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“Don’t mess up,” Griffey said. “Don’t trip going to the podium. Don’t fall leaving the podium and don’t start crying. Due to the fact you have a 22-year-old who says, ‘Dad, don’t be no punk.’”

Trey Griffey almost certainly knows there is zero to no chance his father makes it through the moment with dry eyes. If I had to guess, the first time he looks at his family, he will have to take a long pause to gather himself. Griffey himself knows he is not a safe bet when it comes to the tears.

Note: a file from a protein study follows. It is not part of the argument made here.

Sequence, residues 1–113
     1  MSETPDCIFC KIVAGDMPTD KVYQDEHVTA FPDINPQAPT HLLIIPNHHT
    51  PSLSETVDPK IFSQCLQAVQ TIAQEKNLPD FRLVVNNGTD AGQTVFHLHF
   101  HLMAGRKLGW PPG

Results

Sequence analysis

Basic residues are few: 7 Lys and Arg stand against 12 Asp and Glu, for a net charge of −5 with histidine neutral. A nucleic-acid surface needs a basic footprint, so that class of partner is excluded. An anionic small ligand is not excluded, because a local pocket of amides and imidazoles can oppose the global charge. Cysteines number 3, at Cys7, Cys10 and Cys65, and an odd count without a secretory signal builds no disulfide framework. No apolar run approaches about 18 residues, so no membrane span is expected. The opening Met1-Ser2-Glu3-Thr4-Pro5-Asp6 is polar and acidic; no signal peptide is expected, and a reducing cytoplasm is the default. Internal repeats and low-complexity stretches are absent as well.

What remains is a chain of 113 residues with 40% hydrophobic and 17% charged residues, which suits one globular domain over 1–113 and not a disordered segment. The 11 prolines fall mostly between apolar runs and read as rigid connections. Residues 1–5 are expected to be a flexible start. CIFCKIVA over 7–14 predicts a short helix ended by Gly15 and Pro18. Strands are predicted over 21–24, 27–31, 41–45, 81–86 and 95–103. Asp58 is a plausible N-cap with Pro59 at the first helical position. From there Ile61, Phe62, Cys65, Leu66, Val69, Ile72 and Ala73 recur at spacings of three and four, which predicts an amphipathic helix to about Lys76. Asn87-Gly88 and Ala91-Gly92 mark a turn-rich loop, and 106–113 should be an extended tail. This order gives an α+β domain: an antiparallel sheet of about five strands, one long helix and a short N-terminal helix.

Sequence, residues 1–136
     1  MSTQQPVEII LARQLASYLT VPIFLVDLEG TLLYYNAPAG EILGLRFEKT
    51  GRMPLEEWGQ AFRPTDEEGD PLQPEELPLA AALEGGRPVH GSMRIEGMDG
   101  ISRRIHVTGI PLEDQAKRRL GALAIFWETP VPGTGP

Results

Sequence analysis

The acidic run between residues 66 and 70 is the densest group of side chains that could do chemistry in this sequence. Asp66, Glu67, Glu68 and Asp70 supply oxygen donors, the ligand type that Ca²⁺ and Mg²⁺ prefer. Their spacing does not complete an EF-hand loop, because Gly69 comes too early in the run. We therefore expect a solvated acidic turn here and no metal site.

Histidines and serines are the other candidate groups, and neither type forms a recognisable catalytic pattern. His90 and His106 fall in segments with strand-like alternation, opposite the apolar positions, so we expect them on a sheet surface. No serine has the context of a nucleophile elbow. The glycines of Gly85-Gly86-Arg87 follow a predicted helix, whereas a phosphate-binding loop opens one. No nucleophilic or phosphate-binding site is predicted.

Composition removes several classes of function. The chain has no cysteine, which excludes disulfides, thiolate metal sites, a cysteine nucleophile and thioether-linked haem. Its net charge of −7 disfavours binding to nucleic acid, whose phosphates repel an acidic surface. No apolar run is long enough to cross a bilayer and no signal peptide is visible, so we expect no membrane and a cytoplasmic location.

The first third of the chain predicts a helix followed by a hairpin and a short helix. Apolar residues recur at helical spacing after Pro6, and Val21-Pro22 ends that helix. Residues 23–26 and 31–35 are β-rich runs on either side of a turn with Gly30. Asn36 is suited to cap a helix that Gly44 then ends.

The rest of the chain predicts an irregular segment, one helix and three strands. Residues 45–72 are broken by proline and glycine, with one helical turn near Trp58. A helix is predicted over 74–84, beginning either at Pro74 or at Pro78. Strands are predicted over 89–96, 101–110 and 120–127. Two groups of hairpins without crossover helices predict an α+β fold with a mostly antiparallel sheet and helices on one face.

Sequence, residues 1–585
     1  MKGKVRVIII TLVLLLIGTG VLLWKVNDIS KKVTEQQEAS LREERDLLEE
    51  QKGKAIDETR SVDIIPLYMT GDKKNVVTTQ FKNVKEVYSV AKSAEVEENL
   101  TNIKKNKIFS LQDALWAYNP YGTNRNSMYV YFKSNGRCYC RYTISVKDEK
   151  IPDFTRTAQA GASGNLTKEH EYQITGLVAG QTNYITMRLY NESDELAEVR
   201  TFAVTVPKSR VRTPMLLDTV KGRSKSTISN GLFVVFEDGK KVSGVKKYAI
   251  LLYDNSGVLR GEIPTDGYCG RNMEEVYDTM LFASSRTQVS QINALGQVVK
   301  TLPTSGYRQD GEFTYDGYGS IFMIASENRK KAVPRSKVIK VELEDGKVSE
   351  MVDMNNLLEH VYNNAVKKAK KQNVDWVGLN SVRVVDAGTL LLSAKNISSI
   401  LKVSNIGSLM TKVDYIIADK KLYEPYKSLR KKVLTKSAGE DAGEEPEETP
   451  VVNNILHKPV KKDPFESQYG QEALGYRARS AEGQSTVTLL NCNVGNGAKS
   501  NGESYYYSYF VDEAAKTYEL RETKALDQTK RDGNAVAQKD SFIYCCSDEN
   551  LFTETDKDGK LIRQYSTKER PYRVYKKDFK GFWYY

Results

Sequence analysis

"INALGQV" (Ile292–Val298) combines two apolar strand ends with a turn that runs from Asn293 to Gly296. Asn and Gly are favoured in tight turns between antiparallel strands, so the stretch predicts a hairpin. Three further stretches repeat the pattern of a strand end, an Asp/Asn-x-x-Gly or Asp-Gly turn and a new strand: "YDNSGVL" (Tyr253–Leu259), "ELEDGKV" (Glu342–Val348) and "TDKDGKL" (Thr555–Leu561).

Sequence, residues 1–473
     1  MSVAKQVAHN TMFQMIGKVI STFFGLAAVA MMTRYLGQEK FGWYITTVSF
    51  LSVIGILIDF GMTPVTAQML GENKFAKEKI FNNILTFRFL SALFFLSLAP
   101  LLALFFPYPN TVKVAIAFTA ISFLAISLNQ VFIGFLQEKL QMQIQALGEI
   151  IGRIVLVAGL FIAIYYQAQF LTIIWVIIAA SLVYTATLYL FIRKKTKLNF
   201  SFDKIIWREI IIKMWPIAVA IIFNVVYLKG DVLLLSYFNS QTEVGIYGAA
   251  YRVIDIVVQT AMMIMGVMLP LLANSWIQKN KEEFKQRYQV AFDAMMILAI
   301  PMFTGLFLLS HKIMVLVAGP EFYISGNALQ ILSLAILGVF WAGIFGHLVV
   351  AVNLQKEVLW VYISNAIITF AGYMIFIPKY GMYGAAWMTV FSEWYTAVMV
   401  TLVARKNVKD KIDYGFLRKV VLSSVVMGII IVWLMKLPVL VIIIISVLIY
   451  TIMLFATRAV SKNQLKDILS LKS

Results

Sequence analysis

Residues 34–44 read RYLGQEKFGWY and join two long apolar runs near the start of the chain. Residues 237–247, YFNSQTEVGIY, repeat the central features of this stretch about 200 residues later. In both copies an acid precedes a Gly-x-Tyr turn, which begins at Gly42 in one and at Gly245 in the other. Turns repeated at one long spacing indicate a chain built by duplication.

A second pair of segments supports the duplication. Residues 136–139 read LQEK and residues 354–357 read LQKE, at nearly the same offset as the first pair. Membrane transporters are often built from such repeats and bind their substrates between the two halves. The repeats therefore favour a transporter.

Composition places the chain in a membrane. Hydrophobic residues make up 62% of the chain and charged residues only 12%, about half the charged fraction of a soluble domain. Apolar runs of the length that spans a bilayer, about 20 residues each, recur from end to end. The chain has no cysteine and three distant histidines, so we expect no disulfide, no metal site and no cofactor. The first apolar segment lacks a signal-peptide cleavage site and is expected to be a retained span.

“There is an over and under of 90 seconds,” he said of when he may begin crying. “My dad said that. Hopefully, if I don’t get it in 90 seconds, I’m good. But he says under.”

From the phone call from the Hall of Fame informing him that he would be inducted this summer up until just a few days ago, Griffey insists his life has not changed. He still waits up for his college-aged kids to get home and then tells them that he is just watching TV. If it is his daughter Taryn who walks through the door, he quietly takes the keys to her car to go fill it up with gas. Around the house, he has received no free passes. He still takes out the garbage and does the dishes.

“I keep asking for ‘What the inductee wants, the inductee gets,’” Griffey said, shaking his head. “They said I could have the final week.”